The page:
He turned pro the following year, and in 2008 made his Tour debut with the Barloworld team. A respectable 84th place had Brailsford’s British Cycling colleague Rod Ellingworth knocking on his door. “I made it clear that I had always carried a British passport and felt British,” said Froome. In 2010 he joined both Team Sky and Team GB. (He won Olympic time-trial bronze in 2012.)
His steady rise continued as a domestique (cycling’s worker bees), working for Wiggins. His progress was hindered, though, by a worrying inconsistency – until, in 2011, he began a steep upward curve. Rapid improvements raise eyebrows in cycling, as in any sport beset by drugs, but it transpired that the inconsistency was due to the parasitic infection bilharzia, from which he had probably been suffering for years. Once treated, he was off and away.
He helped Wiggins to Tour victory in 2012, and the following year, with Wiggins out of the picture, he helped himself. He was magisterial, beating the Colombian Nairo Quintana by 4min 20sec. It was a healthy margin of victory, though not crushing, but he and Sky spent half the time fending off doping questions.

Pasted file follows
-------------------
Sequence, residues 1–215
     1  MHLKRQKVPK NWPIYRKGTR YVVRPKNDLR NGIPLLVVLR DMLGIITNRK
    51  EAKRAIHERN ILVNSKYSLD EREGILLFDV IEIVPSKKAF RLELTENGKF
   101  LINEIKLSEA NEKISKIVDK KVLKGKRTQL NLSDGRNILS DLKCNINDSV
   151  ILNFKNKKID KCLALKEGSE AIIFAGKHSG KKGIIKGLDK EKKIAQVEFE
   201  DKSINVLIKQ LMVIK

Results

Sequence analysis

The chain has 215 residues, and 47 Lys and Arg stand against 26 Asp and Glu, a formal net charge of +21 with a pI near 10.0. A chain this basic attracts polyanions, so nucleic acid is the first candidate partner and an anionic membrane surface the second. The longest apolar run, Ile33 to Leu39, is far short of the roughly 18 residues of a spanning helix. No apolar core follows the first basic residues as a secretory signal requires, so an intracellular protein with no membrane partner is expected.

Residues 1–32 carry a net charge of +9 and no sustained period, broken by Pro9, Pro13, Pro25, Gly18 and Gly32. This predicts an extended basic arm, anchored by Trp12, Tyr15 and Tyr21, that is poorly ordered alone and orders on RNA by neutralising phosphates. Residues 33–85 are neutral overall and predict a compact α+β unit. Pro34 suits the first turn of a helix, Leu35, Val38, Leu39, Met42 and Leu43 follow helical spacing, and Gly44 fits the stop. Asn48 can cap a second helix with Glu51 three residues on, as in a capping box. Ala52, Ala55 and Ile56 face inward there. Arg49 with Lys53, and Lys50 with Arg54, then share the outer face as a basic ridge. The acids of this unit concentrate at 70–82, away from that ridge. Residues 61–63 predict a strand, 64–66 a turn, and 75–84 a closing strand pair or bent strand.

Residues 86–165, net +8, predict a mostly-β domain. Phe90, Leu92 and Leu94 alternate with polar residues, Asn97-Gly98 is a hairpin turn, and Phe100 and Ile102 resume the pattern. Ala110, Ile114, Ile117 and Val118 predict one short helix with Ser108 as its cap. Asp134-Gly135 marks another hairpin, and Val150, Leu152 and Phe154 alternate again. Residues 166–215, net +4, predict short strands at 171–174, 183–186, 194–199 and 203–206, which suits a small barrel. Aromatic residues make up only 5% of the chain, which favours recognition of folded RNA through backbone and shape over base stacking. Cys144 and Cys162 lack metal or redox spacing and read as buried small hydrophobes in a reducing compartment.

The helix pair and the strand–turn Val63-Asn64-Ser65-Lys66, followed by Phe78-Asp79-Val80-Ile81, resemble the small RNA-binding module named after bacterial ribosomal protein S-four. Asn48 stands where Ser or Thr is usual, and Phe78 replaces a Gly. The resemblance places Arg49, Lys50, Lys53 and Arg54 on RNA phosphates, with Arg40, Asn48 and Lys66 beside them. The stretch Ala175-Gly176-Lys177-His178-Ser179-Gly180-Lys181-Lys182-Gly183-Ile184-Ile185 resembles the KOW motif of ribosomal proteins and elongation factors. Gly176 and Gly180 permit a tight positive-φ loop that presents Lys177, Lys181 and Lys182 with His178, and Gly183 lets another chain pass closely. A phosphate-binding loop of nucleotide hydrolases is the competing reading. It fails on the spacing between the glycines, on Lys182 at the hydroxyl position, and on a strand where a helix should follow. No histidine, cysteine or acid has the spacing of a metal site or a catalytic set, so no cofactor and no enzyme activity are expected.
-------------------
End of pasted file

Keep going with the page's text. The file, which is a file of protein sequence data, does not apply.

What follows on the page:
This year Sky released some of Froome’s power data from Stage 10, in which he powered his way up the climb to La Pierre-Saint-Martin and took a definitive hold on the race. Michael Hutchinson, another former Commonwealth Games time triallist, analysed the figures for Cycling Weekly and concluded that there was nothing out of the ordinary – and certainly nothing like Armstrong.
Richard Moore makes a good point for those who want to believe in Froome. “We’re now three years into his career as a Tour contender. Three years into Lance Armstrong’s reign we already had a ton of evidence. There’s nothing with Froome.”
Tomorrow in Paris, barring calamity, he will occupy once more the top step of the podium. Standing there in 2013 he declared: “This is one yellow jersey that will stand the test of time.” Legions of cycling fans will fervently hope that turns out to be true. As for the doubters, they will never go away.
Chris Froome: A life in Brief
Born: 20 May 1985, Nairobi, Kenya.
Family: Third son of Clive, a businessman, and Jane, a physiotherapist. Married Michelle Cound in 2014.
Education: St John’s College, Johannesburg; studied economics at University of Johannesburg.
Career: Began cycling aged 13, turning pro with a South African team in 2007. Joined Team Sky in 2010. Raced for Team GB in 2012 Olympics, taking bronze in the time trial. Tour de France 2013 winner. Wears 2015 Yellow Jersey.